The two most popular crude oil future contracts are Brent Crude futures, traded on the ICE Futures Exchange in London, and US West Texas Intermediate (WTI) which trades out of the New York Mercantile Exchange (NYMEX ). As these are slightly different grades of crude oil, the prices differ slightly on a day to day basis. Oil futures are a contractor agreement to buy or sell crude oil at a future date, or settle for the differential between spot and future price in cash at the end of a fixed period (usually regular contract months). Traders make a profit or loss on each trade based on the difference between the price they buy each contract and the price they sell it at.
Crude oil is one of the most popular commodities of choice for traders around the world. It is a deeply liquid, globally-active market and often shows price volaitility driven by day-to-day economic or political news events. This presents many good trading opportunities, for both intra-day trading orlong-term investment. Crude oil’s volatile price movements also provides plenty of trading opportunities for chartists or technical analyst. To calculate your profit or loss on each contract, you’ll first need to know the tick value of the contract you're trading. For a standard crude oil contract the tick value is $10. This is because the contract represents 1,000 barrels of oil, and 1,000 barrels multiplied by the $0.01 tick size results in $10. That means for each contract, a one tick movement will result in a profit or loss of $10. If it moves 10 ticks, you win or lose $100. If it moves up by 10 ticks and you're holding long 3 contracts, your profit is $300. Note that crude oil can move several dollars a day easily (hundreds of ticks). All of this potential loss/gain can be easily accessed viathe United Global Assets trading platform on either your PC or Mobile devices.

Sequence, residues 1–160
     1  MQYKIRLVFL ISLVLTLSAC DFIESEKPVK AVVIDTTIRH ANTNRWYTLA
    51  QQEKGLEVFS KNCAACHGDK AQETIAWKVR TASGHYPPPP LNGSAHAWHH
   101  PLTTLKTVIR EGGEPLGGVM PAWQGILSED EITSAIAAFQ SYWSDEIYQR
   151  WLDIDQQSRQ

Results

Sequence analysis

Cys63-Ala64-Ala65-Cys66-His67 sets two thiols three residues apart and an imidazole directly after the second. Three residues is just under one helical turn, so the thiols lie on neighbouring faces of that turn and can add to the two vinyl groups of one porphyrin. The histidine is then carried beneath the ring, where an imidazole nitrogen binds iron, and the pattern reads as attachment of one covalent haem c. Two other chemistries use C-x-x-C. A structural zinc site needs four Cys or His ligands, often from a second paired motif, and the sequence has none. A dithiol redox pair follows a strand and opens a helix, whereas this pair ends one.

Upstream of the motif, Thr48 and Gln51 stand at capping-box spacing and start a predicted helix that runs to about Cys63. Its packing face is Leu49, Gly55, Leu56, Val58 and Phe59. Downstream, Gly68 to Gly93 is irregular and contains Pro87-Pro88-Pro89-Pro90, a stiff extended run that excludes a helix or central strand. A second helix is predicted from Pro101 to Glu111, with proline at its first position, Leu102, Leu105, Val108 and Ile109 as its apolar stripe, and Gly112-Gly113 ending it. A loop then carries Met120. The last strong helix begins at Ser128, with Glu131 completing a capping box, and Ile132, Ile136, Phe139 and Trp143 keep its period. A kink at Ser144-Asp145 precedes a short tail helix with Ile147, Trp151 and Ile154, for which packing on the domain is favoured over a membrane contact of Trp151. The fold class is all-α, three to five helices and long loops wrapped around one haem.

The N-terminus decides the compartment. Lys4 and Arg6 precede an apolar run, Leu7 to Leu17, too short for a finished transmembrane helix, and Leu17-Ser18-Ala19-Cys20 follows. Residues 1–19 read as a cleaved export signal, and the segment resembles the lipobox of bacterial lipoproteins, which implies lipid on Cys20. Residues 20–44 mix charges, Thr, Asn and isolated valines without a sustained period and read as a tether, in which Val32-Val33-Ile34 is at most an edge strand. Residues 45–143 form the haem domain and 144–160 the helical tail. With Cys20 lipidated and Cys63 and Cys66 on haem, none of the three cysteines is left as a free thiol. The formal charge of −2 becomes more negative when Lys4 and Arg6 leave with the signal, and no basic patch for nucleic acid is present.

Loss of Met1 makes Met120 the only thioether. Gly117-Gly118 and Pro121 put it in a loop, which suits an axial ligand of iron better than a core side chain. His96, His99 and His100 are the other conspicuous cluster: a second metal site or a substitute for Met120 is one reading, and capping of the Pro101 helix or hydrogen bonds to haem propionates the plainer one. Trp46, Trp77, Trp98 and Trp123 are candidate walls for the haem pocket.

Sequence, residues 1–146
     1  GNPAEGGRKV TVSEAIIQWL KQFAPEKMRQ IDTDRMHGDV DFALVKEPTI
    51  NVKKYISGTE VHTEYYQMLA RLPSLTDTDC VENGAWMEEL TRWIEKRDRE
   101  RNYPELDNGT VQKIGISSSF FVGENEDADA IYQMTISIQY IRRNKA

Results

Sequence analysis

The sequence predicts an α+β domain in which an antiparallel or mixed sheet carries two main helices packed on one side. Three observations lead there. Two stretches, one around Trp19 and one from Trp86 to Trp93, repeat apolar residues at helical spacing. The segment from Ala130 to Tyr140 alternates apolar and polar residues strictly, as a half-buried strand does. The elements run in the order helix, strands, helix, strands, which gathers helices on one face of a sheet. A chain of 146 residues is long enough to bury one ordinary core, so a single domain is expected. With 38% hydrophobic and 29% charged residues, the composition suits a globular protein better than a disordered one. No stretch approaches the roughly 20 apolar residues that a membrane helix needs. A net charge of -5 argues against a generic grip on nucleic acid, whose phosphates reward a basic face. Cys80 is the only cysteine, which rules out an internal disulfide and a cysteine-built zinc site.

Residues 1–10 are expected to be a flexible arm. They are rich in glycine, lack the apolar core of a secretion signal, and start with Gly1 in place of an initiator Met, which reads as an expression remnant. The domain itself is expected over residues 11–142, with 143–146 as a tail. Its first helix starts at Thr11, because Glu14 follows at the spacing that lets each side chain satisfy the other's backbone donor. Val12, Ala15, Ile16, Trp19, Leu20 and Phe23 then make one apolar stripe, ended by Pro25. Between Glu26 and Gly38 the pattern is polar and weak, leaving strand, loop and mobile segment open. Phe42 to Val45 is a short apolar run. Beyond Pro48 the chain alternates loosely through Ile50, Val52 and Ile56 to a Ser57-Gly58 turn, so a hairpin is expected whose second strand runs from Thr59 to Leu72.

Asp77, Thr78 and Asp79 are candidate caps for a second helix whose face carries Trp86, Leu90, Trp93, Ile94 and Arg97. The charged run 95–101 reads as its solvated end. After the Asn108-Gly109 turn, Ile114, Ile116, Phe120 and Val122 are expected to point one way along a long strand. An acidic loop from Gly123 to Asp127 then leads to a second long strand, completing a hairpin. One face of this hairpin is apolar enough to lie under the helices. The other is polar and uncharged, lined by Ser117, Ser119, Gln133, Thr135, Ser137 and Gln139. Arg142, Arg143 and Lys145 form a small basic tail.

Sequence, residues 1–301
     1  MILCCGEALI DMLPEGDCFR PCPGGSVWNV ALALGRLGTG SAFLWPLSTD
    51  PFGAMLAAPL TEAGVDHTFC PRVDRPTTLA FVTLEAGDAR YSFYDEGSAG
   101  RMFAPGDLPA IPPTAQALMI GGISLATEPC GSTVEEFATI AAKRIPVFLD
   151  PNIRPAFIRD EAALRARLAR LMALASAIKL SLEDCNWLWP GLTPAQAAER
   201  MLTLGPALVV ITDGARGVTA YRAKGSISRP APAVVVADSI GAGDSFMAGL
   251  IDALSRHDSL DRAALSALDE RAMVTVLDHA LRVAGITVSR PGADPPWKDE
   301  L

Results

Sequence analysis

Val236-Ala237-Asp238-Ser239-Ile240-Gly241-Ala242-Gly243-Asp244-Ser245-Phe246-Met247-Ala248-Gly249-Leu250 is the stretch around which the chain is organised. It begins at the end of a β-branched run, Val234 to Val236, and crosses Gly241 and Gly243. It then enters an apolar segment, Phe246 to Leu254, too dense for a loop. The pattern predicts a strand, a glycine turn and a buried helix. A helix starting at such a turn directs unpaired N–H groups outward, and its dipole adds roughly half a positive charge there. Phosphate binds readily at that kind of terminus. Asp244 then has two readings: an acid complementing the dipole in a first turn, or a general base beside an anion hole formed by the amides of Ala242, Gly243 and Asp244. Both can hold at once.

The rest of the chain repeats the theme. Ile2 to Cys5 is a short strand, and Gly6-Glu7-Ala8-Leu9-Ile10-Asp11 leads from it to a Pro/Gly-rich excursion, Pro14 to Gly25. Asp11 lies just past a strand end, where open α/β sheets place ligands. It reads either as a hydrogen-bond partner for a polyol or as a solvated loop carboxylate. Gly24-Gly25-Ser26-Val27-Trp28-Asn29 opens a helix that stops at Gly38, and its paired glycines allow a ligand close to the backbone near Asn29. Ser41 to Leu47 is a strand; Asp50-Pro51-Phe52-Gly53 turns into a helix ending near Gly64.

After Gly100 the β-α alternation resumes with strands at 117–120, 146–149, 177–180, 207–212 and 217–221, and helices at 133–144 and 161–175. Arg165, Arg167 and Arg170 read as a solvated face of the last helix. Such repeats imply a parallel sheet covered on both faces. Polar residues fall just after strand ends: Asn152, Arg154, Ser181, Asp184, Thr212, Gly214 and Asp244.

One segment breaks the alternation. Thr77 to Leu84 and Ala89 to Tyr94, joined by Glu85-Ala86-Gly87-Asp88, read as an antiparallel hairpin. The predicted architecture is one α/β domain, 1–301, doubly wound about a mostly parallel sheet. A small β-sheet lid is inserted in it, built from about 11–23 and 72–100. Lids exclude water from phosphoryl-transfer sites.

Factors Influencing Oil Price
Oil price, similar to other commodity price movements depends primarily on Supply and Demand. In addition to how much oil is being pumped out of the ground, global economic indicators and, geopolitical events such as rising tensions in oil producting regions like the Middle East also drive oil prices on a regular basis. As economies slow and demand drops, the price of oil and other commodities also tends to fall accordingly. In early 2016, oil producing countries were over-supplying crude oil and as a result, rising storage inventories and fear of China’s impending economic slowdown and subsequent fall in oil demand caused oil to trade below $30 USD a barrel. Other factors influencing oil prices include decisions by the Organisation of Petroleum Exporting Countries (OPEC) and other major oil producing nations on how much oil is produced and supplied to global markets.
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